First Black Woman Astronaut Will Join International Space Station Crew

Jeanette Epps will take part in a six-month expedition set to launch in 2021.

Set to make history as the first Black woman astronaut to live and work on the International Space Station for an extended period of time, Jeanette Epps, has been assigned to NASA’s Boeing Starliner-1 mission. 

Epps will take part in a six-month expedition aboard the orbiting space laboratory set to launch in 2021, NASA announced in a press release on Tuesday (Aug. 25). Epps will join NASA astronauts Sunita Williams and Josh Cassada who were assigned to the Starliner-1 mission in August 2018. 

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"I'm super excited to join Suni Williams and Josh Cassada on the first operational Boeing crewed mission to the International Space Station," Epps said in a video shared on her Twitter. 

"I've flown in helicopters with Suni flying and I've flown in the backseat of a T-38 with Josh flying, and they are both wonderful people to work with, so I'm looking forward to the mission."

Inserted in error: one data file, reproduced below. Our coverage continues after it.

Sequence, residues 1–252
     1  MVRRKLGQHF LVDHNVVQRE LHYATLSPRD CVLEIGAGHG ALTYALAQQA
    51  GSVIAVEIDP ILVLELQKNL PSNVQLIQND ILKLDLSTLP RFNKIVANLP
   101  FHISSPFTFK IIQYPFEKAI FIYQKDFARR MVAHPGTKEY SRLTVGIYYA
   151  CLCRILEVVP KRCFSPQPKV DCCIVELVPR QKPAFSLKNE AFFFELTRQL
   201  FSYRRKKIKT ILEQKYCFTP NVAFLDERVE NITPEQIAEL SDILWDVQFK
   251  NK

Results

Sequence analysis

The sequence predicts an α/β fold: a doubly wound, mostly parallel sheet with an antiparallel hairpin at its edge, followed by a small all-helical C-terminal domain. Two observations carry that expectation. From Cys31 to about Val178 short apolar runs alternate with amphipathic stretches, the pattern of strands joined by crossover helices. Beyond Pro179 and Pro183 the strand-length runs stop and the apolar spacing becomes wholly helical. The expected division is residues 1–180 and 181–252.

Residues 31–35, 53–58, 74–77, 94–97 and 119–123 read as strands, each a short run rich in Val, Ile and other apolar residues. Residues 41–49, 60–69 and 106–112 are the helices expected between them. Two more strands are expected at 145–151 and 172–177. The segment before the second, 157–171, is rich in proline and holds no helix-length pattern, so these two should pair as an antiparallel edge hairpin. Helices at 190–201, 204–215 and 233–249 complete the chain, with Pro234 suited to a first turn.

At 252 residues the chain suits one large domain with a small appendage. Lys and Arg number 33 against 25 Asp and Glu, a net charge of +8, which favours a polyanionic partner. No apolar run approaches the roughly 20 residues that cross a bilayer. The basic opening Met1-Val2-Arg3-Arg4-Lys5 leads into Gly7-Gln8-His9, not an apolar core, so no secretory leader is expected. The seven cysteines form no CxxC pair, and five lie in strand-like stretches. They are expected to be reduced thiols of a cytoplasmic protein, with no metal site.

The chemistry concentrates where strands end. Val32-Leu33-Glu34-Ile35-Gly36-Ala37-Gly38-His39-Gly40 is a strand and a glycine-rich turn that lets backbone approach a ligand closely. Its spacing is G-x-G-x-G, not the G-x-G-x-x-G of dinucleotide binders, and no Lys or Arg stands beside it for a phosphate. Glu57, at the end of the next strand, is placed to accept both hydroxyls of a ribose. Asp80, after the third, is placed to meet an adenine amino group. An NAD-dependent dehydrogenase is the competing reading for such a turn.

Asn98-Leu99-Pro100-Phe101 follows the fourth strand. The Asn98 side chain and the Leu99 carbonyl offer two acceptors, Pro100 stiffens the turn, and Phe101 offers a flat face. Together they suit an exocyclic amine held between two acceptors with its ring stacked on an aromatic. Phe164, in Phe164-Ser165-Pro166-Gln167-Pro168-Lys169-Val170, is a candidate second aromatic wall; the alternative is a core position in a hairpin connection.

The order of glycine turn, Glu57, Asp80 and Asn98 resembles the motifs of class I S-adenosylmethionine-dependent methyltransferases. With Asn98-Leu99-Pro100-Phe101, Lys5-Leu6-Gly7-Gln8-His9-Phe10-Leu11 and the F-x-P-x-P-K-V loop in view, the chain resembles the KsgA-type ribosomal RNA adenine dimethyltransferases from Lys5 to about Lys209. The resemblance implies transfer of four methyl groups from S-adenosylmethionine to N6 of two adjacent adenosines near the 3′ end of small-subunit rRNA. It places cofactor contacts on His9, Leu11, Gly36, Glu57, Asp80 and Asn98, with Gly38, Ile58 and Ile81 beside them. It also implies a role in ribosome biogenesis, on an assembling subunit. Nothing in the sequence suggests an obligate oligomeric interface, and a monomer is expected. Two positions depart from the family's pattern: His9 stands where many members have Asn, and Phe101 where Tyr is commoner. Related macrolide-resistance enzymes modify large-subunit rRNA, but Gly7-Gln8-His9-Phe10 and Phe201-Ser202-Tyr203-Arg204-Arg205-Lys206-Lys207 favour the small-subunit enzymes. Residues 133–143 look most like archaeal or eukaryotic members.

The former NASA Graduate Student Researchers Project fellow earned her bachelor’s degree in physics, a master’s degree in science and a doctorate in aerospace engineering. Before becoming a member of the 2009 astronaut class, the 49-year-old also worked for the CIA as a technical intelligence officer for seven years. 

Based on NASA's current schedule, the first Black male astronaut to live and work on the ISS is likely to be Victor Glover, who is set to board the SpaceX Crew-1 mission on Oct. 23.

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